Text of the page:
How the hardcore porn industry is ruining young men's lives

AFEW years ago at the Adult Entertainment Expo in Las Vegas, the biggest porn convention in the United States, Abbywinters.com, an Australian porn company, had one of the largest booths. It bills itself as offering "real, passionate, unscripted" sexual activity by "happy, healthy, regular girls in their normal environments". The company markets its female masturbation and girl/girl videos as featuring women with "no make-up, no fake boobs, no airbrushing".

The Abbywinters.com women did stand out from the other porn performers in the room, but their girl/girl action (the industry's term for lesbian sex tailored to a male audience) didn't look much different from the industry norm.

With all varieties of cameras, men surrounded the booth, vying for the best angles to record images of women being sexual.

That moment provides an important reminder: pornography, at its core, is a market transaction in which women's bodies and sexuality are offered to male consumers in the interests of maximising profit. In the end, it's about attracting the most "wankers" possible.

Though reliable numbers are hard to come by, the global industry was estimated to be worth a staggering $96 billion in 2006, with the US market worth about $13 billion. Each year more than 13,000 porn films are released and their revenues rival those of all the major Hollywood studio films combined. DailyTech, an online magazine, reports that a recent study found about 37 per cent of online pages contain pornographic content, and porn sites increased 17 per cent from 2009 to 2010.

Adult Video News, the trade paper of the porn industry, says the most profitable porn today is that which depicts hardcore, body-punishing sex - called "Gonzo" by the industry. In this type of porn, sex is not about making love. The feelings and emotions we normally associate with such an act - connection, empathy, tenderness, caring, affection - are missing, and in their place are those we normally associate with hate: fear, disgust, anger, loathing and contempt.

The man "makes hate" to the woman, as each sex act is designed to deliver the maximum amount of degradation. Whether it be aggressive fellatio or violent sodomy, the goal of porn sex is to illustrate how much power he has over her. Yet the women are still portrayed as enjoying these scenes. Images like these are commonplace on the internet and shape the way men think about sex, relationships and intimacy.

A key factor driving the growth of the porn market has been the development of technologies allowing users to buy and consume porn in private, without embarrassing trips to seedy stores or video rental shops. These technologies also enable pornography to be viewed anywhere, any time: even the global mobile phone market for porn is expected to reach $3.5 billion this year, according to British-based Juniper Research.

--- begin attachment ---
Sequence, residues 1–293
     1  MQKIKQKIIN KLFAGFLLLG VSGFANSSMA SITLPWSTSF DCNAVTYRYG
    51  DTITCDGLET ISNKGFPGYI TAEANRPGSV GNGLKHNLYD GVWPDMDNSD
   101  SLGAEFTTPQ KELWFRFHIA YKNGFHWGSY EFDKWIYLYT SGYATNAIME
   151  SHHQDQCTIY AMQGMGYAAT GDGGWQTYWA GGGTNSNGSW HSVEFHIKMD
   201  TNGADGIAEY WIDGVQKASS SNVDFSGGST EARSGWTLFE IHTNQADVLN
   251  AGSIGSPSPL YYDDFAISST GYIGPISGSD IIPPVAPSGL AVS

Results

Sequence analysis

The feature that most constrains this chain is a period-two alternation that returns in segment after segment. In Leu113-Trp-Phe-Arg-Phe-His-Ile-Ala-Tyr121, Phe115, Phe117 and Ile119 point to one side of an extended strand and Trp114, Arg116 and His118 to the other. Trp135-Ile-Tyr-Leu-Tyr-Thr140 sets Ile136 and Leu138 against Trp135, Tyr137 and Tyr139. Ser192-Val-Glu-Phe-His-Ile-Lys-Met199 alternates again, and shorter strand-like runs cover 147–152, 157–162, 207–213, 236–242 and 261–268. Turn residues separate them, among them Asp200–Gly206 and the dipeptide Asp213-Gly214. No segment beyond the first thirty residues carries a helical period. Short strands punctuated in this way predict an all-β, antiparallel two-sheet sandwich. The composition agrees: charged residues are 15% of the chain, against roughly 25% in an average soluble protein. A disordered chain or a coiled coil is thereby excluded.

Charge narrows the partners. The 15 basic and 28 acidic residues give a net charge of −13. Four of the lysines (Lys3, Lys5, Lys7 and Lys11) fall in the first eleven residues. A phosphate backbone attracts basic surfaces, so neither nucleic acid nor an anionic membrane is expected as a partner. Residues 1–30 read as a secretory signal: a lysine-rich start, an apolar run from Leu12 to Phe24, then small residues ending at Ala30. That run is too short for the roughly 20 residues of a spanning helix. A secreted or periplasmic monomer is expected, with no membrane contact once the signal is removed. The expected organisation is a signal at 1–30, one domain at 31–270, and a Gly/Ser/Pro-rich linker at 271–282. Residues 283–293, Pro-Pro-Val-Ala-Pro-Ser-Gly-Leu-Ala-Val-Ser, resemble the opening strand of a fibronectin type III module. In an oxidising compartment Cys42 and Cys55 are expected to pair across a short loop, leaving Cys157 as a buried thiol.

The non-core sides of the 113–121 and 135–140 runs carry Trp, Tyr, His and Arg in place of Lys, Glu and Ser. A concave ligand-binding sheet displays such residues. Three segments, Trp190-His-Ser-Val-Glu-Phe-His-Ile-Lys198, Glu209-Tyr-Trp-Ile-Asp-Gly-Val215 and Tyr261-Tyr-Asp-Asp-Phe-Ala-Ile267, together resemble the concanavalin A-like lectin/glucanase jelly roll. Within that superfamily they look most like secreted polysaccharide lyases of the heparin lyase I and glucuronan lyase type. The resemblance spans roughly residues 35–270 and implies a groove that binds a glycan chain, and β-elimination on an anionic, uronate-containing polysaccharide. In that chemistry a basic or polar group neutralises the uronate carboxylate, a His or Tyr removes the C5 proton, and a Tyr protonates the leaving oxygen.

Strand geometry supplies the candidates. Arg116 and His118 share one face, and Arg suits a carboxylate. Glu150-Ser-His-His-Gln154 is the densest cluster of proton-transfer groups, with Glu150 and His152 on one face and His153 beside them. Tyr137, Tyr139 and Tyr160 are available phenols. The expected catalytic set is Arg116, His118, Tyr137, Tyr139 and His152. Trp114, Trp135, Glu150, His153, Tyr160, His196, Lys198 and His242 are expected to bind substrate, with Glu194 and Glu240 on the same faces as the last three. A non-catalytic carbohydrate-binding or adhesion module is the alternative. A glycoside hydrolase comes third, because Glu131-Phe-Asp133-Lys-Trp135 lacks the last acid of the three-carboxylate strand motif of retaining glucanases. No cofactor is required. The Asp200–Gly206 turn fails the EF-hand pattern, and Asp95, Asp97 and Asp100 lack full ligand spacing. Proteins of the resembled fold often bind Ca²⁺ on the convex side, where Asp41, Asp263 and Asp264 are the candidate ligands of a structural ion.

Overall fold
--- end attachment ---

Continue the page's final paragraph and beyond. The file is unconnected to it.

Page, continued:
This is a business with considerable political clout, with the capacity to lobby politicians, engage in expensive legal battles and use public relations to influence public debate. The business is increasingly able to deploy a sophisticated and well-resourced marketing machine, not just to push its wares but to cast the industry's image in a positive light - promoting myths that porn is harmless fun, that it is all about fantasy and we should not take it seriously.

We should be taking porn very seriously. Studies show that the more porn men watch, the more they want to play out porn sex in the real world. They become bored with their sex partners because they don't look or act like the women in porn. What troubles many of these men most is that they need to pull up the porn images in their head in order to have an orgasm with their partner. They replay porn scenes in their minds, or think about having sex with their favourite porn star when they are with their partners.

What is new over the past five years or so is young men admitting their addiction to pornography. I had been somewhat sceptical of the addiction model, thinking that it was a way for men to avoid taking responsibility for their porn use. But sex and relationship therapists Wendy Maltz and Larry Maltz discuss in their book The Porn Trap how therapists are seeing a wave of porn addicts looking for help. They find that "what used to be a small problem for relatively few people had grown to a societal issue that was spilling over and causing problems in the lives of countless everyday people".

The addicted young men I speak to do indeed end up in serious trouble. They neglect their school work, spend huge amounts of money they don't have, become isolated from others, and often suffer depression. They know something is wrong, feel out of control, and don't know how to stop. Some of the most troubling stories I hear are from men who have become so desensitised that they have started using harder porn and end up masturbating to images that had previously disgusted them. Many of these men are deeply ashamed and frightened, as they don't know where all this will end.

As someone who has studied porn for more than 20 years, I also don't know where all this is going to end. If we have any hope of stemming the tide, we need to build a movement that includes grassroots education programs and media strategies that lead to cultural change.

It also needs to offer an enticing, positive vision of sexuality based on equality and respect. As long as we have porn, women will never be seen as full human beings deserving of all the rights that men have. We need to build a vibrant movement that fights for a world in which women have power in and over their lives, because there is no room for porn in a just society.

Gail Dines is professor of sociology and women's studies at Wheelock College, Boston, and the author of Pornland: How Porn Has Hijacked Our Sexuality.

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